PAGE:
Xbox One Sales Still Dragging Microsoft Down

Xbox One Sales Still Dragging Microsoft Down


Image via Flickr/

Image via Flickr/ Major Nelson

While Sony attempts to organize the entire resurrection of its company around gaming, Microsoft continues to embarrassingly shuffle Xbox numbers into the background of its reports. During a good quarter for the firm, the Xbox division was once again a weak spot. The company’s report, however, made it appear as if a victory had been won, though in terms difficult to compare to previous years.

Microsoft sold fewer units of its Xbox console during the Christmas 2014 period than it did during the same period in 2013. The company revealed total shipments of 6.6 million for the most recent three-month reporting period. That compares poorly to the 7.4 million shipped in the comparable quarter of 2013. Revenue in the division dropped by 20 percent year on year.

Microsoft Hides Xbox Figures

There’s no way to get a good read on the Xbox numbers because Microsoft hides them using a number of obfuscating accounting processes. The Xbox hardware and games are recorded in the “consumer devices and software” segment, which bundles the Xbox with sales of the Surface tablet and other sources of income. This makes it almost impossible to see where the money in Microsoft is actually going, particularly with regard to the Xbox One.

Microsoft fills publications with the most desirable of sales numbers, concentrating on those from the U.S. — a market that the Xbox 360 won convincingly — and failing to release Xbox One sales figures should they not be complimentary. Sony shipped 4.1 million PS4 units over Christmas. Microsoft sold 6.6 million Xbox One and Xbox 360 units altogether in the entire three months.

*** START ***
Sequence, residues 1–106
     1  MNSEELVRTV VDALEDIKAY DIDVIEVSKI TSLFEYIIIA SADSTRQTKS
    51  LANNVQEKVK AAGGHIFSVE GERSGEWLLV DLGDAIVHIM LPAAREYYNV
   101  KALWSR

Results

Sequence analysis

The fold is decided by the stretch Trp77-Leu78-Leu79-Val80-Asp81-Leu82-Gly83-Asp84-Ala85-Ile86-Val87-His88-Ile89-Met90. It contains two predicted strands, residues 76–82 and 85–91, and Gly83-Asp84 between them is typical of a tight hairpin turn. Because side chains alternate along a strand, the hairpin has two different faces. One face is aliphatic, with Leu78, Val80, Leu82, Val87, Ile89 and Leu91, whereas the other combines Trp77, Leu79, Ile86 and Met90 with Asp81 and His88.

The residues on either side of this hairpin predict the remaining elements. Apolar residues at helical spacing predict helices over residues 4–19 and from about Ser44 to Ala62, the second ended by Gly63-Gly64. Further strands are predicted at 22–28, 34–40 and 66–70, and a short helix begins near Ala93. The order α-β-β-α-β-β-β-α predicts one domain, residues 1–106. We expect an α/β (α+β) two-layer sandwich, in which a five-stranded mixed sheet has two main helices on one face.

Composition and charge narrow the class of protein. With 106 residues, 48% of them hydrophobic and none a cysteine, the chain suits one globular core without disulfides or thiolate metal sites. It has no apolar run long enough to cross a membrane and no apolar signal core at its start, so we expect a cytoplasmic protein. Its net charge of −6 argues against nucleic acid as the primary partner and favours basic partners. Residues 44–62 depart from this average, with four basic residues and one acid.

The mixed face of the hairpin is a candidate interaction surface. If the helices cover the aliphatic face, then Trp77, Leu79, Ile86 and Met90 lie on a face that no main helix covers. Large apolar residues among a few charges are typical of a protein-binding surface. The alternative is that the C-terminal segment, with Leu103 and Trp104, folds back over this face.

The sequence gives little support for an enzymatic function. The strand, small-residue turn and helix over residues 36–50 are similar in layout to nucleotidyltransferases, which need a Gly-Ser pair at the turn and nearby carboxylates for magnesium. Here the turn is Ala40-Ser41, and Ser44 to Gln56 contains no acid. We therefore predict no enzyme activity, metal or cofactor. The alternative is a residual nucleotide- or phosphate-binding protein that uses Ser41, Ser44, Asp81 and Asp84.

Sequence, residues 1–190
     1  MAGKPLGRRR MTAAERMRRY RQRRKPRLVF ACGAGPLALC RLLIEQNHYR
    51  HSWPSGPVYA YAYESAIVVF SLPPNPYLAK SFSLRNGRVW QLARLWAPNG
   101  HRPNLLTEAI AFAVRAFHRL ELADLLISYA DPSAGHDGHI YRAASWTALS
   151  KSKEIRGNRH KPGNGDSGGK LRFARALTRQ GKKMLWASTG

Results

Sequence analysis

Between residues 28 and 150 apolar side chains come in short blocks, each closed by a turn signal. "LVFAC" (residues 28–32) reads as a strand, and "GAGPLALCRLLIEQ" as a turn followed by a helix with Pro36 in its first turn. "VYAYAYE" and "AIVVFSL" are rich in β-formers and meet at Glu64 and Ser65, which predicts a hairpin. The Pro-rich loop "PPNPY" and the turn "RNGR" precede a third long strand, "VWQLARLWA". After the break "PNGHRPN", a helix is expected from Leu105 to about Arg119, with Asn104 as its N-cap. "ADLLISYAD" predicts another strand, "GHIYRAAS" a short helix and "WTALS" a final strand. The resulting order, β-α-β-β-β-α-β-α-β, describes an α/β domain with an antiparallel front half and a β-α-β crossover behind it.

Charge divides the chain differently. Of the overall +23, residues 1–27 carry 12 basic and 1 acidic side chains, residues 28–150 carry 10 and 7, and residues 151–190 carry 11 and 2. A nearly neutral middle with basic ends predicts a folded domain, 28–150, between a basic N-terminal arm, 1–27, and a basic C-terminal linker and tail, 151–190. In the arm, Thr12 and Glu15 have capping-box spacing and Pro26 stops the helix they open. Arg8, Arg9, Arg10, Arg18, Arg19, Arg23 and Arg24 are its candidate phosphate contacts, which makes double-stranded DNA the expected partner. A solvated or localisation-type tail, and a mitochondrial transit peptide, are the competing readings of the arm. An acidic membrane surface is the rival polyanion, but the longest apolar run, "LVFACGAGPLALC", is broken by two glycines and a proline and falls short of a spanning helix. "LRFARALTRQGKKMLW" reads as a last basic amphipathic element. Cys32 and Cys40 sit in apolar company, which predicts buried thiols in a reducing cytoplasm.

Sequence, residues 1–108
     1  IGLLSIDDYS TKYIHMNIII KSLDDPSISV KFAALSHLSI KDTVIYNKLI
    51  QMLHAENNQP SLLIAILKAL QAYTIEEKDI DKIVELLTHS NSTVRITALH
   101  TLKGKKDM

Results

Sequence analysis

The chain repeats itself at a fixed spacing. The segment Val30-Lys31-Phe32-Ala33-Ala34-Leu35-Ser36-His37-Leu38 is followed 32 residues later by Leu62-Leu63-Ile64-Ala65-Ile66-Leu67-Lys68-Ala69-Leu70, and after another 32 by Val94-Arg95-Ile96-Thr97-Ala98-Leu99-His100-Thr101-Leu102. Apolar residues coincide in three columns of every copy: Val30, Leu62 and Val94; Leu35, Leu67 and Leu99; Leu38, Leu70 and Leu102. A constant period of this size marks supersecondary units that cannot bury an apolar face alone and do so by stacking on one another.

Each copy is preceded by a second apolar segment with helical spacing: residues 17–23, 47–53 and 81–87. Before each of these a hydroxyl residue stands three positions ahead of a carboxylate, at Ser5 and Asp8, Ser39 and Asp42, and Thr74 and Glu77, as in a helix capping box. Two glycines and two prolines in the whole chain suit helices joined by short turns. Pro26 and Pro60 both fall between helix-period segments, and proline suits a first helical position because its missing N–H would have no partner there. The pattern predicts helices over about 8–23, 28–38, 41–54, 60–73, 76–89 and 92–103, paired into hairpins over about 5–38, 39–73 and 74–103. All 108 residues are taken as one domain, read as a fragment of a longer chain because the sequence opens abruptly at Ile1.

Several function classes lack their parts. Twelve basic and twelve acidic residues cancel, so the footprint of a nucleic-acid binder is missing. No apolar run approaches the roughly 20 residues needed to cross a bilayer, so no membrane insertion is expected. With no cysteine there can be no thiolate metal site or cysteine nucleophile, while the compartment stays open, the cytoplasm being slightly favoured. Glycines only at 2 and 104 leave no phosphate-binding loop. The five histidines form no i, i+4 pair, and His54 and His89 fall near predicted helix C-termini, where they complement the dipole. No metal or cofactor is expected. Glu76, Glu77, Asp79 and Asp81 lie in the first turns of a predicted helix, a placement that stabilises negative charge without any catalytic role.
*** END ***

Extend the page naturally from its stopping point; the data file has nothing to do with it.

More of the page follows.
Microsoft isn’t hiding these figures in order to lure Sony into a false sense of security; it’s hiding them because it’s losing in the market, and it’s losing money on the back of every move made by the Xbox division. The company is selling the console at $50 less than the PS4 and, though it’s clawing back market share at that price, it’s burning cash as a result.

Will Microsoft Kill Xbox?

With a strong brand behind it, it’s difficult to assert that Microsoft would just kill off its Xbox division. Brand recognition, alas, isn’t everything, and exactly what people think of when it comes to the Xbox — living room gaming — appears to lose the company money.

Various possible buyers have been mooted in the past, including Amazon and Google, but neither are likely that excited about a business that will drain their cash despite existing in a mature market. According to analysis that emerged last year, all profits associated with gaming at Microsoft are actually a result of Microsoft’s Android royalties.

This was a big story around the time of the original release of the Xbox One, and became a lead narrative when Satya Nadella took over at the helm of the firm. Microsoft proper has made relatively little mention of the Xbox One as part of its major strategy, though it still seems important at the company. New technology like the firm’s holographic computer, the HoloLens, appears to owe much to innovations at Xbox.

So is Microsoft going to kill the Xbox One? The answer is probably no. The company sees some kind of value in the business, which is why it’s kept at it for all these years. On the other hand, people aren’t going to stop talking about the possibility. Not, at least, until Microsoft actually records a clear profit on the business.

Disclosure: Author represents that he has no position in any stocks mentioned in this article at the time this article was submitted.

 

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